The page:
Take the 2-minute tour ×
Stack Overflow is a question and answer site for professional and enthusiast programmers. It's 100% free.

I know that there are lot of example but I didn't get my head around it... I just want to localize some strings and textfiles. That's what I currently do to receive a string or filecontent

MyResources.ResourceManager.GetString(name + "IdentString");

now I was looking for a way to store additional languages. The resources are wrapped into provider (about twelve provider at the moment, but that count will grow in the future) used by a ASP.Net MVC application (no view attached!)

As far as I know there are two ways to archive this:

  • Satellite assembly for each language that contains the resource
  • Filebased ResourceManager where each language has it's own binary resource file

And as far as I understand I have to use external tools in both scenarios and either have to link some satellite assemblies to the origin resource (each for one language) that get automatically loaded by the resource manager or I have to use a FilebasedResourceManager that loads the resource-file (a binary version for each language) from a external location. That means in both cases only the origin resource is embed in the project and the others are just attached in some sort. Did I get it right or am I totally wrong?

Some additional info

No need to say that I don't have any idea which one to take or how they really work or if there even other ways. As I started looking for this I thought about just naming my resource file after a convention like fr-resource.resx or de-resource.resx so that the resource-manager can take the thread culture or a given one and try to fetch the string from this resource or fallback to the default. But I found just something about satellites (what just remind me of a damn song) which should be registered to the web.config but need to build by just external tools...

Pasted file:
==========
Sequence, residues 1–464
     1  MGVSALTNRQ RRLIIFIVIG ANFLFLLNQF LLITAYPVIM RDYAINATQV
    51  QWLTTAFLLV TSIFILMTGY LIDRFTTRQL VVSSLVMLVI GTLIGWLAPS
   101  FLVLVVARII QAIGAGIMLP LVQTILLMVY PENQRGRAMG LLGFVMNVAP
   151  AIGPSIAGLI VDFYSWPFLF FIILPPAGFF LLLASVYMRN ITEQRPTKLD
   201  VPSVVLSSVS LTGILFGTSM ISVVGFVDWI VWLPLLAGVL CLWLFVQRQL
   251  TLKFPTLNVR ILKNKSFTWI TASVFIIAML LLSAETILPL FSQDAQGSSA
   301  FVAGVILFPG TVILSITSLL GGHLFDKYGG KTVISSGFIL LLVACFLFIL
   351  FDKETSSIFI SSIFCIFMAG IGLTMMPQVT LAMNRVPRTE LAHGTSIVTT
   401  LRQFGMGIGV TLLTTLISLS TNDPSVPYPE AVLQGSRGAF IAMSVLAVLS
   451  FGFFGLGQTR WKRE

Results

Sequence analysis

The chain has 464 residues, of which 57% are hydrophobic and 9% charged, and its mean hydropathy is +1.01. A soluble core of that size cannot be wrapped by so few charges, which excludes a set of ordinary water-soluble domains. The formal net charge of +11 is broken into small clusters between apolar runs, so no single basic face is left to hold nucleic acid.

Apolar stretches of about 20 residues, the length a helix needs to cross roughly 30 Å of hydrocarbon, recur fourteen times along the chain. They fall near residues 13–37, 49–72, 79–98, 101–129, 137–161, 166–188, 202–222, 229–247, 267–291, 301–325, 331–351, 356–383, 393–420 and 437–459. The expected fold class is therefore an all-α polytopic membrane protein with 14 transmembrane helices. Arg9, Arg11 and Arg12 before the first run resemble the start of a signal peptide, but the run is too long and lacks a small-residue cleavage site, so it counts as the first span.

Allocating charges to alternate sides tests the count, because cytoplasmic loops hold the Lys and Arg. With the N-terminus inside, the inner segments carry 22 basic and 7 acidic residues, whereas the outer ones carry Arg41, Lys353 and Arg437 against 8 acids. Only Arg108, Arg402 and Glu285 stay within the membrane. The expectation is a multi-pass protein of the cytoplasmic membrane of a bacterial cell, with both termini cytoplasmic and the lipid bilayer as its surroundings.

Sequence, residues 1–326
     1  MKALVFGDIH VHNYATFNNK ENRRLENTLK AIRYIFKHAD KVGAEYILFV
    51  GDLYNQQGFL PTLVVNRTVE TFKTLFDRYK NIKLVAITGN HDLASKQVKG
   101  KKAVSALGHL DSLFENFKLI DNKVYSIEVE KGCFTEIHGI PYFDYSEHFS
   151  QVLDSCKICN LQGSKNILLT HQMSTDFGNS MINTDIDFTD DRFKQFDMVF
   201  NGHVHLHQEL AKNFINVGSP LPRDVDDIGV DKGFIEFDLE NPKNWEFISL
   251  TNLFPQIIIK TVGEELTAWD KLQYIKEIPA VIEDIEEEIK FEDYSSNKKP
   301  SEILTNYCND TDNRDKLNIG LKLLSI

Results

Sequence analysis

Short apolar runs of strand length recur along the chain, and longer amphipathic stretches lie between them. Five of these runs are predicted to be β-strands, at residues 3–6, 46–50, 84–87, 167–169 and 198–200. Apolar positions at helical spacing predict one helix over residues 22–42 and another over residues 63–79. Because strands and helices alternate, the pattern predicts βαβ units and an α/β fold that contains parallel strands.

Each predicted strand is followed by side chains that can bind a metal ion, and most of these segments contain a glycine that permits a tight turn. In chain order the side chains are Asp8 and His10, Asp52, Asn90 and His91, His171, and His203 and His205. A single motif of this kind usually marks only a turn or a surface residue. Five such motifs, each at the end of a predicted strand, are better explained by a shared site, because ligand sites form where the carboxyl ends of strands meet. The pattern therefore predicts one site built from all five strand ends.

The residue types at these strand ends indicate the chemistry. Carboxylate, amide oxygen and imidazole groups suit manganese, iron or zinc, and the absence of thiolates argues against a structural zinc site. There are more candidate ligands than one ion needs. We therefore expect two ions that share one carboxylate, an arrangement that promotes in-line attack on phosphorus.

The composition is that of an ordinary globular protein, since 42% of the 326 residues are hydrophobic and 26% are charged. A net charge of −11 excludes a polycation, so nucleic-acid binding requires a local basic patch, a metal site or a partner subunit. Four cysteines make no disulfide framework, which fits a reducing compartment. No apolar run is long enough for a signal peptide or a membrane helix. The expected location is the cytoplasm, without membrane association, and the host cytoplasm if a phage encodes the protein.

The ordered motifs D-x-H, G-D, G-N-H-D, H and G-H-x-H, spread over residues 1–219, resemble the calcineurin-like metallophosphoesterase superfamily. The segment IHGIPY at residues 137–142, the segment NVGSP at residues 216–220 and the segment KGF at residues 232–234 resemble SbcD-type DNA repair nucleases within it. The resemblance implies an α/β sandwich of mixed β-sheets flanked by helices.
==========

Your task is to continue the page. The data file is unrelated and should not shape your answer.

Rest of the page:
share|improve this question
I did translation by myself yet because it does not work like a charm in my situations. I made a class for languages. This class can iterate though all items. If item has the "|" in the title or text the class knows that text is allowed to translate. For me it is more easy than handling the locations of resources. But at Microsoft demonstration it looks very easy to work with. I hope someone will create a tutorial from the beginning to the end :-) –  goldengel May 19 '11 at 15:51

2 Answers 2

up vote 7 down vote accepted

You are on the right path by renaming the resx files according to culture. However you'd name them like the following

  • resources.resx (This will be the default fallback.)
  • resources.de.resx (This will be the culture neutral german resources.)

If you place these files next to the default resx and include them in the project then the compiler will take care of building the sattelite assemblies, and the resource manager will take care of finding them.

Sattelite assemlies will be blaced in a sub-folder with the name of the culture. So if you have \myApp.exe as the output you will also get a \de\myApp.resources.dll

You won't have to do something to link these files to your original assembly. If you "forget" to supply theses sattelite assembly's your app just won't have german resources and falls back to the default.

share|improve this answer
Peter I will give it a try. Thanks for the additional info! That was really what I am looking for. –  sra May 19 '11 at 18:47

Yuo can find this interesting:


or if you don't use MVC try here:

Best practices for ASP.NET web application localization

share|improve this answer
hmm, the link looks like a MVC implementation? I don't use any view and also no model in the case of localization. The resources are handled by various provider. I just mention it for a full background. I mention this cause your link look like just MVC. –  sra May 19 '11 at 18:36
both are not what I was asking for. You should not post links as answer, that is bad. What if the links break? –  sra May 19 '11 at 19:12
Ok! I'll take in mind! –  danyolgiax May 19 '11 at 21:13

Your Answer


By posting your answer, you agree to the privacy policy and terms of service.

Not the answer you're looking for? Browse other questions tagged or ask your own question.